The EU’s chief negotiator, Michel Barnier, has pencilled in 19 June for the first formal day of talks with Britain about its withdrawal from the European Union, in what are being billed as the most important negotiations in the country’s history. On that highly symbolic morning, Barnier will face whoever is the British Brexit secretary after the election for the first day of an arduous 15 months of negotiations to hammer out the terms of the UK’s exit. It is understood that the European commission’s Brexit taskforce, led by Barnier, shared the proposed date with key figures in Brussels last week. EU officials are yet to discuss any logistics with the UK, however, due to an ongoing row with Theresa May’s government over its blocking of a mid-term review of the union’s budget.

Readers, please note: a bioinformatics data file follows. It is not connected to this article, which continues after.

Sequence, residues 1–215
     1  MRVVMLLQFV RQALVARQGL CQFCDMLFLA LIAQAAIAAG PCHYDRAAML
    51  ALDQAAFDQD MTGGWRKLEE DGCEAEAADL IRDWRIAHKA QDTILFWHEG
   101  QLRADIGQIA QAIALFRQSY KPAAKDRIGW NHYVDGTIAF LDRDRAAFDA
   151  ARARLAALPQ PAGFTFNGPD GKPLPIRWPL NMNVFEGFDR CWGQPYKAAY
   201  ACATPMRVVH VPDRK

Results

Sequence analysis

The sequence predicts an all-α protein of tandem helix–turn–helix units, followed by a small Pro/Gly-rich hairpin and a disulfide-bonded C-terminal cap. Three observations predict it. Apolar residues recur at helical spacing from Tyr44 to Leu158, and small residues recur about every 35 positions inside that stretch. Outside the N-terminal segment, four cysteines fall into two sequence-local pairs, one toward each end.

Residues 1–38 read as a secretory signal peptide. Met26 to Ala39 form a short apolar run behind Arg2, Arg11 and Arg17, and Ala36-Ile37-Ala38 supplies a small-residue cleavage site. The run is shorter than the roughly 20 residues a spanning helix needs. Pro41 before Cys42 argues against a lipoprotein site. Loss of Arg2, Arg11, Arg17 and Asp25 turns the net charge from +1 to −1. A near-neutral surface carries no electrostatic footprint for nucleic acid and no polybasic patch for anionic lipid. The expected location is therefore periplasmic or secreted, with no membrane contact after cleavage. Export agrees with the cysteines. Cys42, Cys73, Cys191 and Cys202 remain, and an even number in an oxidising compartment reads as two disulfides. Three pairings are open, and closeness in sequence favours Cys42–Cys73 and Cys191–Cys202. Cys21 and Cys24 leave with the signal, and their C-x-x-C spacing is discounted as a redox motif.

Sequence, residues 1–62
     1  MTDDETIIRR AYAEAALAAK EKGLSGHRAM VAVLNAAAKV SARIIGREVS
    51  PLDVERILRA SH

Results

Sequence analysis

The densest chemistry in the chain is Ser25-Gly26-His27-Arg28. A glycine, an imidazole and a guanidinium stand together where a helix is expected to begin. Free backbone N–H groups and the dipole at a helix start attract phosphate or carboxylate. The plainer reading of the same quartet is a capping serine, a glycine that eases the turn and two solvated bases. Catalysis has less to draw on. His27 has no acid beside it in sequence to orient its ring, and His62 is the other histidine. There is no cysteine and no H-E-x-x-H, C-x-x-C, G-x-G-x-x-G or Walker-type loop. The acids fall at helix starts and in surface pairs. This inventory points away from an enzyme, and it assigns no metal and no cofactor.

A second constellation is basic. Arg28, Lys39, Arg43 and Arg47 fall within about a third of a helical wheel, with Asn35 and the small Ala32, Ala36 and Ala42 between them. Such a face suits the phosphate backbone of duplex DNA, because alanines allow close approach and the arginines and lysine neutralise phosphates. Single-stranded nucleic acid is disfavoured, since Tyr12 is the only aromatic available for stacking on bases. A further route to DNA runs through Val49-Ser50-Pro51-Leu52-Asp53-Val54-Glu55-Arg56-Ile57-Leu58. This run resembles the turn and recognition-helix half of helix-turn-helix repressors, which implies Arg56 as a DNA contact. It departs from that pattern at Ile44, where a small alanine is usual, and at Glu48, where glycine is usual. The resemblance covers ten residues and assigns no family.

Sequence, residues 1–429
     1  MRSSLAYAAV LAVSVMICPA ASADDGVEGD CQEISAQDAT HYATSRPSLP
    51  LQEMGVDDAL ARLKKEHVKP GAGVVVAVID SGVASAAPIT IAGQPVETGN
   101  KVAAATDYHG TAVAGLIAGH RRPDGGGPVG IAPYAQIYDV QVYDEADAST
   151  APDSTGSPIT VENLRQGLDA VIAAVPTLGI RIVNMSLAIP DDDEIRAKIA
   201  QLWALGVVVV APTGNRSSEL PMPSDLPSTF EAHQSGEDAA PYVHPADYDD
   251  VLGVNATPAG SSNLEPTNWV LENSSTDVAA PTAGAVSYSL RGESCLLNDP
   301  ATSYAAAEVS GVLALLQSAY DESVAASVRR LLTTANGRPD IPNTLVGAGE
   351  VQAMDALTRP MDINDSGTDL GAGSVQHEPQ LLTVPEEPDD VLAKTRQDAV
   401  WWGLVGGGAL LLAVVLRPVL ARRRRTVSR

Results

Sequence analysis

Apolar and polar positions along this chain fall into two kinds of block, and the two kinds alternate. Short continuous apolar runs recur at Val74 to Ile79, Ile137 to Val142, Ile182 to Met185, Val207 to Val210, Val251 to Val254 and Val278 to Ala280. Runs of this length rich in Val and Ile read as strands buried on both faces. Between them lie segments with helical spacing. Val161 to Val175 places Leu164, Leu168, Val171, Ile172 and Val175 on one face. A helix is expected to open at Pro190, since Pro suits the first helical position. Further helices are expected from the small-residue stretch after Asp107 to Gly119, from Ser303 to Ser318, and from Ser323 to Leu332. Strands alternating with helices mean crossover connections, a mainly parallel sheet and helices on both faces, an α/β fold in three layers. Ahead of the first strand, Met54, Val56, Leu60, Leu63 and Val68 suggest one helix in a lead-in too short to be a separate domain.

(€100bn divorce bill) will be the row of the summer.
David Davis, the current Brexit secretary.
The EU wants negotiations to be divided into four-week cycles, each focused on a key issue. Week one would involve political preparation, followed by a week where documents would be disclosed by both sides. The third week would see Barnier and the Brexit secretary sitting down to talk, mainly in Brussels but also, potentially, in London. In the final week, Barnier would report on the results of the negotiations to the 27 member states and the European parliament. The EU’s negotiator wants to reach agreement on citizens’ rights, the UK’s divorce bill and on the border of Ireland in a first phase of talks he hopes will be concluded by the end of 2017. The European council, whose members comprise the 27 EU states, will decide by consensus on whether sufficient progress has been made for talks to progress, according to the commission’s negotiating directives, to be signed off by EU ministers next Monday.